Whether it’s a business, a school, or a youth ministry or even a blog there is both fun and danger in change. Some would say that half of the fun of change is the danger.
Almost all of the change I deal with is neccesitated by the existing way not meeting expectations and/or goals. Somewhere in a meeting the team will decide that a radical change is needed because the existing “thing” just isn’t going to cut it anymore. It’s always a pure thought. It’s always a change for the better. And it’s always a change with the best of intentions.
The Dark Side of Change
There are some people lost in every change. For some recipients of the change, your customers or students or youth group kids or blog readers, the change becomes an opportunity to check out.
In Romeo, a format change to the youth group meant that several students never came back. It wasn’t a judgment of the quality of the program… in the end, our changes just gave them an excuse to not come back.
Just today a blogger I follow announced he was moving from Blogger to WordPress and I decided this was a good time to stop following him. It’s not that I don’t care for him, it’s simply that I don’t care enough about his blog to both unsubscribe to his content and then go to his new site and re-subscribe.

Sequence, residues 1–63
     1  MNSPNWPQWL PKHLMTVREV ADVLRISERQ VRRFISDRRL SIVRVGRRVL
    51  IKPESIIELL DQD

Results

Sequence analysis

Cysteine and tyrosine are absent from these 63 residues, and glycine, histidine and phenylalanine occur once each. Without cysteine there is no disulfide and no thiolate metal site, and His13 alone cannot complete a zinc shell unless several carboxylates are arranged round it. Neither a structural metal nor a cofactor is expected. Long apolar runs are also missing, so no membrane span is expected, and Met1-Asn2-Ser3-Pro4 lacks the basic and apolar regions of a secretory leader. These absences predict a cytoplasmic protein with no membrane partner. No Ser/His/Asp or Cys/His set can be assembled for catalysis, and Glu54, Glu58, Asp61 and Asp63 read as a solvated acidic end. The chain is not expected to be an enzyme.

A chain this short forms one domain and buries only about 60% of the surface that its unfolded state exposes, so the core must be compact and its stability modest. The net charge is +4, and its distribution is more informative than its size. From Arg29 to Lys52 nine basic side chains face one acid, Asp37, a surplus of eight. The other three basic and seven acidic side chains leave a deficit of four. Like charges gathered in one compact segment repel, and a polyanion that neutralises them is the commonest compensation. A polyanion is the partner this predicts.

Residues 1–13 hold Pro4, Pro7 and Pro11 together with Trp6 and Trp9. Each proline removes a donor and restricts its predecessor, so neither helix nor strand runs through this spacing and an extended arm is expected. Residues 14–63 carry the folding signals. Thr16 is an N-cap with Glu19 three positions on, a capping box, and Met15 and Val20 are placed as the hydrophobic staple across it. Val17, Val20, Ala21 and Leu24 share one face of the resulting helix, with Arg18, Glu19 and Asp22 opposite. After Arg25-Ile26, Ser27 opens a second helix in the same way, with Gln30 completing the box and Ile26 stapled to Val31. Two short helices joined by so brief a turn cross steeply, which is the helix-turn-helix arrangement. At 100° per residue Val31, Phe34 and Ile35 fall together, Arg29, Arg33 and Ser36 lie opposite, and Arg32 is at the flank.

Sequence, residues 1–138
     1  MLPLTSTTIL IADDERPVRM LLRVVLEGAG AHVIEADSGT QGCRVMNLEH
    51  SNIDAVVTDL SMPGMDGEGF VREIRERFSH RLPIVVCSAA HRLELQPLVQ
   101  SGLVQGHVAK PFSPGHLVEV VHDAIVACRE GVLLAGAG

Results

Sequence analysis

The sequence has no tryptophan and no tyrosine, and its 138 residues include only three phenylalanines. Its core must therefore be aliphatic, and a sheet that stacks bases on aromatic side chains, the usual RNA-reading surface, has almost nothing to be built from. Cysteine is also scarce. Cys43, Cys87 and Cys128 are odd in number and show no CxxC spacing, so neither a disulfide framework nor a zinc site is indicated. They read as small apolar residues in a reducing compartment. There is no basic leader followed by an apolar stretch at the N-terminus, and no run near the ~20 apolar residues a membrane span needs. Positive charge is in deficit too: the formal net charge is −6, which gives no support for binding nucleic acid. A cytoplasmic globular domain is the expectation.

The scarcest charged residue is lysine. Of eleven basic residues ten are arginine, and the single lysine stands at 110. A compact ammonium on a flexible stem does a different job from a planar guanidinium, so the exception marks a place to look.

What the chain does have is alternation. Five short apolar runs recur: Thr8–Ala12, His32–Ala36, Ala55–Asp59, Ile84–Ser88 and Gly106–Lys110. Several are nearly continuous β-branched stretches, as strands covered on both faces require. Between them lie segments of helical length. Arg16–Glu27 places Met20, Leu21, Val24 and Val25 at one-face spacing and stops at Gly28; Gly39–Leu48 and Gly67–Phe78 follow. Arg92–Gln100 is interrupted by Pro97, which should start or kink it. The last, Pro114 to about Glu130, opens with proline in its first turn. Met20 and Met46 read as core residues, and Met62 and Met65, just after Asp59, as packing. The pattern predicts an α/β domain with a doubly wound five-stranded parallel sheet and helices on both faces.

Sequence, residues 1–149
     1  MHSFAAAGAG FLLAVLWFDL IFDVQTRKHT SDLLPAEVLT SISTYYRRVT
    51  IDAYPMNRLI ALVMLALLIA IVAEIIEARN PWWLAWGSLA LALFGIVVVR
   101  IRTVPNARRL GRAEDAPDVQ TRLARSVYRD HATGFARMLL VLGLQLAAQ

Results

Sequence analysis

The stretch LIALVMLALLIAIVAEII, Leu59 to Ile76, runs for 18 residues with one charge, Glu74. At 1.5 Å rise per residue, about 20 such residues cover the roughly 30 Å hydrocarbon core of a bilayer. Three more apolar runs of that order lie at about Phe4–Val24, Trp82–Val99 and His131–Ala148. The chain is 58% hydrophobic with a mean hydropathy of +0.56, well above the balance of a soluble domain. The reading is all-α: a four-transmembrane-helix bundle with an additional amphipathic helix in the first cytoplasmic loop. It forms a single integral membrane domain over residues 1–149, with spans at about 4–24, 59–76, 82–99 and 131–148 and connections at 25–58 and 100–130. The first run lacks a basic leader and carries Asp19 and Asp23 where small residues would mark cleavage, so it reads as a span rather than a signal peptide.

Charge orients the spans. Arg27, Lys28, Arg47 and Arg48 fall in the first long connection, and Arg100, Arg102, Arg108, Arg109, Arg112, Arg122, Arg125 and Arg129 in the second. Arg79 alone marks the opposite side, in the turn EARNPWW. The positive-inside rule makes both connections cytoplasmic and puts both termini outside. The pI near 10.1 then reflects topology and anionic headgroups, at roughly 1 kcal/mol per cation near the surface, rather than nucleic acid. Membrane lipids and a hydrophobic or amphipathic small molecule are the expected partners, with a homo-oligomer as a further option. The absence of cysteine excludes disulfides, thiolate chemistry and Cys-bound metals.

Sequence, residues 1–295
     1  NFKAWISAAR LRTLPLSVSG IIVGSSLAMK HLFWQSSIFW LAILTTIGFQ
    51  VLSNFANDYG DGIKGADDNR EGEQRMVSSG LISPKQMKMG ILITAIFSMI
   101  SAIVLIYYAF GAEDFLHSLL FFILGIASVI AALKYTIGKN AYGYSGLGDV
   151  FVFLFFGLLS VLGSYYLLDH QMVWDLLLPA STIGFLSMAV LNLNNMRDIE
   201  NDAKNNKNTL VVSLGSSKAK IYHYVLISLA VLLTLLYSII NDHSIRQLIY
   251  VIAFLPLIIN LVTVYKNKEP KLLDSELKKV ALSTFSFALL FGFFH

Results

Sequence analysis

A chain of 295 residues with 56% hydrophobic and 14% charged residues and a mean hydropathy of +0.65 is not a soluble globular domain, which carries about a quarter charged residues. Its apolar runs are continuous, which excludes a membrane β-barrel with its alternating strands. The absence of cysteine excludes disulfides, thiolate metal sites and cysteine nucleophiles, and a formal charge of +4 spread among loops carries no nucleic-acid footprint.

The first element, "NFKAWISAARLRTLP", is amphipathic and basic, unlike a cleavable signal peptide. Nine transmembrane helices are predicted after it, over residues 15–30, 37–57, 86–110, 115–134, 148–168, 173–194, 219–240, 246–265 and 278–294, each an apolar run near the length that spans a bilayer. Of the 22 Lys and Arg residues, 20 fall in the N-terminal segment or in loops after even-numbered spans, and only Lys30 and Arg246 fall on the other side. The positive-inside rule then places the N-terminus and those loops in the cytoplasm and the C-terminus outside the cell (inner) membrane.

On and on this principle continues. A change is made and we accept a certain fallout percentage.
So here’s the big question: Are those changes worth it?
In hind site I would have rather kept those 70 subscribers to my blog and those 3-4 families in the youth group than embrace what was changed. Sure, in the process of changing I’ve gained new subscribers and now youth group has several fresh faces… but I’m left wondering if we could have had both if the old way was tweaked and not overhauled.
No matter what you lead or have the power to change you have to weigh is the change I’m making for the potential of growing exponentially worth the loss of some people who won’t make the transition?
I can think of many times when the answer to that is a resounding YES. But I can think of a couple where the answer is NO.
So, fellow change-o-holics: Is change worth it or are there times the biggest risk we can take is to stay the same?